Fire fighters to appeal City win in pension struggle

fire-fighters-injured-in-houston-blaze_664_448969_0_14077490_500-180x138LEGAL BATTLE: Update 8

Ruling sets up dual pension system for younger, older firefighters

St. Louis – While St. Louis fire fighters lost most of Round 3 last week in their legal fight with the City over their pension plan, both Fire Fighters Local 73 and the Firemen’s Retirement System (FRS) pension board approved filing an appeal. So Round 4 is about to begin.

“We were sorely disappointed by Judge Dierker’s ruling, but we are believe that decision will be reversed on appeal,” said Dan Tobben, FRS attorney with Danna McKitrick.

The same sentiment was echoed by Demetris “Al” Alfred, Local 73’s president, who pointed out a little realized fact: a proposal by Local 73 to modify the fire fighters pension plan would have saved the city anywhere from $3 to $6 million a year. When they took this modification to Jefferson City for authorization legislation, the City’s lobbyists fought it and it never saw the light of day.

According to information in Missouri Lawyer Weekly, the mayor’s office says the new pension plan will save the city $5 million the first year and $50 million over the next 30 years.

The fire fighters proposal would have potentially saved the City $90 to $180 million over the same 30 years. The fire fighters’ proposed annual savings were confirmed last year by an independent audit commissioned by the FRS board.

And this was not the first pension change offer by Local 73. It was actually the second time. About a year prior, the local proposed disability pension changes that would have saved the city almost $2 million a year. They successfully lobbied those changes through Jefferson City to get enabling legislation but the City of St. Louis refused to pass implementation legislation. That bill is still lingering in an aldermanic committee.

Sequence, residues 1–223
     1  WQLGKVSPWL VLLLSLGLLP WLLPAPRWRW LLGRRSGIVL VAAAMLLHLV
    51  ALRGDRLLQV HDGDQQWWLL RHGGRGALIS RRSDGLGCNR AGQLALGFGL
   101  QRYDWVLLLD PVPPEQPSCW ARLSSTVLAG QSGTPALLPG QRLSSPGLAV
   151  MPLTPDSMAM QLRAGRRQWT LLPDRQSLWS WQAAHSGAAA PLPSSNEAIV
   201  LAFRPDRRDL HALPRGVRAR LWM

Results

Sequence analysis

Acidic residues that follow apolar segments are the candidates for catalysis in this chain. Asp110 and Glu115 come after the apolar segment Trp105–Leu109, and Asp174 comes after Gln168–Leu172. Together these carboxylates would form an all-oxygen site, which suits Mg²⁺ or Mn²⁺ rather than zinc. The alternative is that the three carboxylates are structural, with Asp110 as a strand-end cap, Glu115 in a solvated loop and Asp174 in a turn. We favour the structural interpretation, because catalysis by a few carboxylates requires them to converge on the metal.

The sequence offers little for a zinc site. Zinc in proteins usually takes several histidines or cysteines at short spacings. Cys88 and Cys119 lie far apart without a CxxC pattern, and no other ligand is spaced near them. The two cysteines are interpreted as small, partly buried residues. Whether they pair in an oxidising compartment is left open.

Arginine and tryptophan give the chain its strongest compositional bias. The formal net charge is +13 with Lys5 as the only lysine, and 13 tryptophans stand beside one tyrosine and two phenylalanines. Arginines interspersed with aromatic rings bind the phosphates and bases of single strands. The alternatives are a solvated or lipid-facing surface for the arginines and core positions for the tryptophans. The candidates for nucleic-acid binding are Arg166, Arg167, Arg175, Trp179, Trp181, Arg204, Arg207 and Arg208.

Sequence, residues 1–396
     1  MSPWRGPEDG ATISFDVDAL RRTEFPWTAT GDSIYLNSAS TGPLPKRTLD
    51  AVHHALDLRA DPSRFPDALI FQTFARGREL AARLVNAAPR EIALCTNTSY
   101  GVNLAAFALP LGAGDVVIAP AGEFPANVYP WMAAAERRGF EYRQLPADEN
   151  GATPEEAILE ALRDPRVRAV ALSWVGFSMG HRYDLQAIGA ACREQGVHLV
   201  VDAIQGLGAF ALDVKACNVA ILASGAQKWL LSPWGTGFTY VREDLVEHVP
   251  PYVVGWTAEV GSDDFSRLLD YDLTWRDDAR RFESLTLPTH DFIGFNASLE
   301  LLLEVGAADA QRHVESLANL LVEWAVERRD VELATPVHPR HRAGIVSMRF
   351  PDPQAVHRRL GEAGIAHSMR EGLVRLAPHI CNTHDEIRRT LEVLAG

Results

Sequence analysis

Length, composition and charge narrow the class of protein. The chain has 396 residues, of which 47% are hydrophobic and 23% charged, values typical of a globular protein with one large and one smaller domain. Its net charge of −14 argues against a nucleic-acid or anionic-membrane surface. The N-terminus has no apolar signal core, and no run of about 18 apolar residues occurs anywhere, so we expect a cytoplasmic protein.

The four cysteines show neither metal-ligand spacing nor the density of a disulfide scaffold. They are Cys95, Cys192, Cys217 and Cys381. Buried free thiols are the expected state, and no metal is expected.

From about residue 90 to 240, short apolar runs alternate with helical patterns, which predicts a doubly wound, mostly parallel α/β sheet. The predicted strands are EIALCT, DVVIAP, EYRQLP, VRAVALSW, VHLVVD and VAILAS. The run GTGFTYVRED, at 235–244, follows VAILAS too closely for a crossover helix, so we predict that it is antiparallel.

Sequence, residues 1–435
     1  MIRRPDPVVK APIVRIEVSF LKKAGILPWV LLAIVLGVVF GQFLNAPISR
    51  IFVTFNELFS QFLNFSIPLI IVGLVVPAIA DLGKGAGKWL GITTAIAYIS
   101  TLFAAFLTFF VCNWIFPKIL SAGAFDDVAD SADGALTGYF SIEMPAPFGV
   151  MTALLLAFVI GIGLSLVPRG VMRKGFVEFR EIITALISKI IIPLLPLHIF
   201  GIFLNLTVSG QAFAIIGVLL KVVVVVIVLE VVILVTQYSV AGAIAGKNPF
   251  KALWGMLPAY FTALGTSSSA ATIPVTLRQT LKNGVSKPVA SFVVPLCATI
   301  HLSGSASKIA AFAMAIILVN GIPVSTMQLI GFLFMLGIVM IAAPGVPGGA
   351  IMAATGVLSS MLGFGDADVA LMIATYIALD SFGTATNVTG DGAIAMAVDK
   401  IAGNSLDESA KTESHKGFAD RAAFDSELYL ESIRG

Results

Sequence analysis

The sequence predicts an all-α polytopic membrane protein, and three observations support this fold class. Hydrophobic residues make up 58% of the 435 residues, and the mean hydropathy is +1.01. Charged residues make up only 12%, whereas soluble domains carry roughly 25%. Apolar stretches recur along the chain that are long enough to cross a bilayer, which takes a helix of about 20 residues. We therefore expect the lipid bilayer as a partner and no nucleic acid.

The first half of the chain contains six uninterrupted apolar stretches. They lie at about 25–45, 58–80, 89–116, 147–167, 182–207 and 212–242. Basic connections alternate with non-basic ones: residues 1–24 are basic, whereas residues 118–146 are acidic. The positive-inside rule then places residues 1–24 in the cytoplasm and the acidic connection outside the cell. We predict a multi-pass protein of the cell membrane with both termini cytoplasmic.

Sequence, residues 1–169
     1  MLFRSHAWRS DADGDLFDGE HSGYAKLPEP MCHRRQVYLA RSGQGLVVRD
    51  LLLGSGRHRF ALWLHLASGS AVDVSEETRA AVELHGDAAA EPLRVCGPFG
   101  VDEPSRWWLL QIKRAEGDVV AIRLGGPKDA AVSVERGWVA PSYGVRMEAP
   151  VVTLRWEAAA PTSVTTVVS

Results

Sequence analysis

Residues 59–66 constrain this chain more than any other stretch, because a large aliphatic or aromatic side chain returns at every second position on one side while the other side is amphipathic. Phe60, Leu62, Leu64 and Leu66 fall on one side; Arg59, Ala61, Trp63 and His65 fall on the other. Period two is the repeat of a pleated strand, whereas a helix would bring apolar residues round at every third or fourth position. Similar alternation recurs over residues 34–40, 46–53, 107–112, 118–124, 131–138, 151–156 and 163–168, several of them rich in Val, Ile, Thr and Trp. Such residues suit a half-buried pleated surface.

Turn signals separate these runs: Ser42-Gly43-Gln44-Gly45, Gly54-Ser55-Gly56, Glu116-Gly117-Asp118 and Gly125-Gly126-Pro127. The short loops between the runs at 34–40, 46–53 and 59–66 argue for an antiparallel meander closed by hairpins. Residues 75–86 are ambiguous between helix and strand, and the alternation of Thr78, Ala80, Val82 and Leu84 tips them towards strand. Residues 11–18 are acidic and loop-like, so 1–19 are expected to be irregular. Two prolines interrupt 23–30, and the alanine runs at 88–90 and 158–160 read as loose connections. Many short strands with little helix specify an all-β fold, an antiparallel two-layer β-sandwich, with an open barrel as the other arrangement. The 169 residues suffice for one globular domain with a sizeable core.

“The City could have been saving millions of dollars these past two years, and avoided all their legal fees by outside counsel had they agreed with our two proposals and worked with the union to get the second set of changes through the Missouri Legislature as required by state law and then implemented them both,” Alfred stressed.

Alfred pointed out that what has happened is clear proof that the issue of saving money was secondary to the City. “The City’s primary goal was always about gaining control over our pension fund, and they have now, we believe temporarily, achieved that.”


What the City views as a major victory is control of a new fire fighters’ pension plan as a result of the ruling last week by Circuit Judge Robert Dierker, Jr.

Highlights of Judge Dierker’s ruling:

Confirms the City’s creation of a new pension system – the Firemen’s Retirement Plan (FRP) — retroactive to Feb. 1, 2013, which will have lower benefits. This plan will not require authorizing legislation from Jefferson City before the City could implement any changes, as is the case with the current plan.

Establishes a dual pension system.

For current retirees and beneficiaries under the old FRS plan, their pension benefits will be determined by the original plan, in other words, stay the same.

For active fire fighters with more than 20 years of service, their retirement benefits will be determined under the original plan up to Feb. 1, 2013. After that date, the new plan will govern the balance of their pension from Feb.1 forward until they retire.